Paleocene means: of, relating to, or designating the geological epoch at the start of the Tertiary Period, from approximately 65 million to 54 million years ago, when birds and early mammals first appeared. The Paleocene epoch was the first epoch of the Tertiary period in the Cenozoic era of geologic time and occurred between 60 to 66 million years ago. The Paleocene Epoch precedes the Eocene Epoch and follows the Cretaceous Period.
The Paleocene era saw the extinction of the dinosaurs and the development and proliferation of mammals. With the loss of dinosaurs from the world near the beginning of the Paleocene, there was an ecological vacancy that was rapidly filled by mammals. In just ten million years (the duration of the Paleocene) the earth was filled with small and medium-sized mammals... and the first large mammals were evolving and appearing on the face of the earth. Carnivourous mammals were abundant.
Paleocene mammals were mostly small herbivores similar to their Mesozoic ancestors. By the mid-Paleocene epoch, the ungulates, or hoofed mammals of mostly five-toed forms, became abundant. Prosimian primates (tree shrews and tarsiers) also increased in number.
The climate during the Paleocene was mild with little temperature fluctuation and the polar regions were free from ice and had extensive forests of pine. During the Paleocene epoch the land was covered by tropical, sub-tropical and deciduous forests. The temperature rose slowly throughout the Paleocene and flowering plants and insects abounded. Globally there was little or no frost during the Paleocene Epoch.
The Paleocene Epoch was a time of continental collisions leading to the formation of the Rocky Mountains and the Himalayas. During the Paleocene Epoch the sea-level fell across the globe and dry land was exposed in North America, Africa, and Australia.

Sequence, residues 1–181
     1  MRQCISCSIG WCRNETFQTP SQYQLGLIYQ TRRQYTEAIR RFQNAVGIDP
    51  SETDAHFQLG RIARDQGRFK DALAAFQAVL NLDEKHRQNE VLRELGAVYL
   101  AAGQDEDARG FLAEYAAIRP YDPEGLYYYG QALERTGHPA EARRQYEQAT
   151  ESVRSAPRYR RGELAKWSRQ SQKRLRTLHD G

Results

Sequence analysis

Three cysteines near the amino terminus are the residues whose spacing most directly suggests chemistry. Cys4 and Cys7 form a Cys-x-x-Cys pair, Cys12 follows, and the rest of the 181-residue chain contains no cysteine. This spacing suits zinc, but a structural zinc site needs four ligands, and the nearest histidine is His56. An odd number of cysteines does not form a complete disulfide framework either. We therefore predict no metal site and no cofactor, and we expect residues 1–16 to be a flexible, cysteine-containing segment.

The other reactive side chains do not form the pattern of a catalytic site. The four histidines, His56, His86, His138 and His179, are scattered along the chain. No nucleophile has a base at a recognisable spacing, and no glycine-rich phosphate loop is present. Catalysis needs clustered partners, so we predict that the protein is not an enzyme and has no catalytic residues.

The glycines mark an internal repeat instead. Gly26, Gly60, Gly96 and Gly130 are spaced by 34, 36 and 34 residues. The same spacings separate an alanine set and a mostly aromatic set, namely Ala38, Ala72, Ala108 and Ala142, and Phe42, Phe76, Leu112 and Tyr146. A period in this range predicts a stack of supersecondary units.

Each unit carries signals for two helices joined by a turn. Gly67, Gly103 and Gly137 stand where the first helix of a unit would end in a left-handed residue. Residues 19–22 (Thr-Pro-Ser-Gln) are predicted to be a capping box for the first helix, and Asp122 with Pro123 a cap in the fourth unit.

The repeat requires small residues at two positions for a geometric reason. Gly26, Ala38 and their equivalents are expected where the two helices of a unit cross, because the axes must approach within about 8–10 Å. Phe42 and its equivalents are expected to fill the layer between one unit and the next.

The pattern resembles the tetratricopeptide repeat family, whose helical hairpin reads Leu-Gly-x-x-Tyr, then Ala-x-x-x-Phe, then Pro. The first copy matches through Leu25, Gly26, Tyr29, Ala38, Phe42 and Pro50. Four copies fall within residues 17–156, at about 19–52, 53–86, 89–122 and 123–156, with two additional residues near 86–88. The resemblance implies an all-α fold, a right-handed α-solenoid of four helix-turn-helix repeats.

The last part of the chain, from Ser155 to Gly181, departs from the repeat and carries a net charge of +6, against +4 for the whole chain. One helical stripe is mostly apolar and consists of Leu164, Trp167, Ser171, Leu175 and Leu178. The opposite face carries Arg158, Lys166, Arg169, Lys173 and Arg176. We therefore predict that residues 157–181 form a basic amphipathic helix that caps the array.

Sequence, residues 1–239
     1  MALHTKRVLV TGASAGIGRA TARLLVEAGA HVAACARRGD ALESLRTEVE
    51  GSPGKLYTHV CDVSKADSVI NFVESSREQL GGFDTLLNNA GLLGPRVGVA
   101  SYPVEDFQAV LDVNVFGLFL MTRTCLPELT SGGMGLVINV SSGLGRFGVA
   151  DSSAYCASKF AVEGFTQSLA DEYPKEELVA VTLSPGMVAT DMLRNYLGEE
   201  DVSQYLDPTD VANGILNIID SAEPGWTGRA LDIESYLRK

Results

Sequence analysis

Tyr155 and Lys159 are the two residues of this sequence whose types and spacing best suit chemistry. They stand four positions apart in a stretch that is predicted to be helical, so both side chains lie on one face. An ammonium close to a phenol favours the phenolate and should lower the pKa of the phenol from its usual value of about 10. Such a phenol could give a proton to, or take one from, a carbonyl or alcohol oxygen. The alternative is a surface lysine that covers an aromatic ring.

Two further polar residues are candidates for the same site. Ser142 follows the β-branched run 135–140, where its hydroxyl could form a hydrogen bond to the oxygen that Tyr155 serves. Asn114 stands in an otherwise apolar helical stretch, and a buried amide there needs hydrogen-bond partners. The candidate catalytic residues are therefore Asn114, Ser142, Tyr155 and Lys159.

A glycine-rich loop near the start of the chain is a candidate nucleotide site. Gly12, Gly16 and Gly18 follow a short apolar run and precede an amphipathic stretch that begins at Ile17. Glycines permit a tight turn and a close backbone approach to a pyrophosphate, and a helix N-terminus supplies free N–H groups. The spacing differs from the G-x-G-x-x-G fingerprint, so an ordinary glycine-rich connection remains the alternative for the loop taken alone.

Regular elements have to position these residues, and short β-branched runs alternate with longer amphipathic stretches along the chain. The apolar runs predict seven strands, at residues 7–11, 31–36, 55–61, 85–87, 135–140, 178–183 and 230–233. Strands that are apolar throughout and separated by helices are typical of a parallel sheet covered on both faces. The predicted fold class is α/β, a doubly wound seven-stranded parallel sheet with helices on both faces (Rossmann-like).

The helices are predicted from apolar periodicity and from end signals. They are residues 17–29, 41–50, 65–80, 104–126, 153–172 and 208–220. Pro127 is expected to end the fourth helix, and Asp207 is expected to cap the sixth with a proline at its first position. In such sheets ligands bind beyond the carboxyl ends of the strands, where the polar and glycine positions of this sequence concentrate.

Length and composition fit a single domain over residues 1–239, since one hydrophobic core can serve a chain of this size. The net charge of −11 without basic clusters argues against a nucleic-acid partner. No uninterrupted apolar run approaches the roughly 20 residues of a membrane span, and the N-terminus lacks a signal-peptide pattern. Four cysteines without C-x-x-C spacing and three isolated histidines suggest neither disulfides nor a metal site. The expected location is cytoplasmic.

The Paleocene, "early dawn of the recent", is a geologic epoch that lasted from 65.5 ± 0.3 Ma to 55.8 ± 0.2 Ma (million years ago). It is the first epoch of the Palaeogene Period in the modern Cenozoic era. As with most other older geologic periods, the strata that define the epoch's beginning and end are well identified, but the exact date of the end is uncertain. [More... about the Paleocene...]
The Paleocene epoch immediately followed the mass extinction event at the end of the Cretaceous, known as the K-T boundary (Cretaceous - Tertiary), which marks the demise of the dinosaurs. The die-off of the dinosaurs left unfilled ecological niches worldwide, and the name "Paleocene" comes from Greek and refers to the "old(er) (paleo) – new (ceno)" fauna that arose during the epoch, prior to the emergence of modern mammalian orders in the Eocene. [More... about the Paleocene...]
Mammals had first appeared in the Triassic, and developed alongside the dinosaurs, exploiting ecological niches untouched by the larger and more famous Mesozoic animals: in the insect-rich forest underbrush, and high up in the trees. These smaller mammals (as well as birds, reptiles, amphibians, and insects) survived the mass extinction at the end of the Cretaceous, which wiped out the dinosaurs, and mammals diversified and spread throughout the world. [More... about the Paleocene...]
This is a site focussing on information about the Paleocene era, which occurred in the history of the earth 65 to 54.8 million years ago. I have put online an article from Wikipedia and other free and public domain Paleocene resources - enjoy!
While early mammals were small nocturnal animals with herbivorous and insectivorous diets, the demise of the dinosaurs and the beginning of the Paleocene saw mammals growing bigger, more ferocious, and finally becoming the dominant predators and spreading throughout the world. Ten million years after the death of the dinosaurs, the world was filled with rodent-like mammals, medium sized mammals scavenging in forests, and large herbivorous and carnivorous mammals hunting other mammals, birds, and reptiles. [More... about the Paleocene...]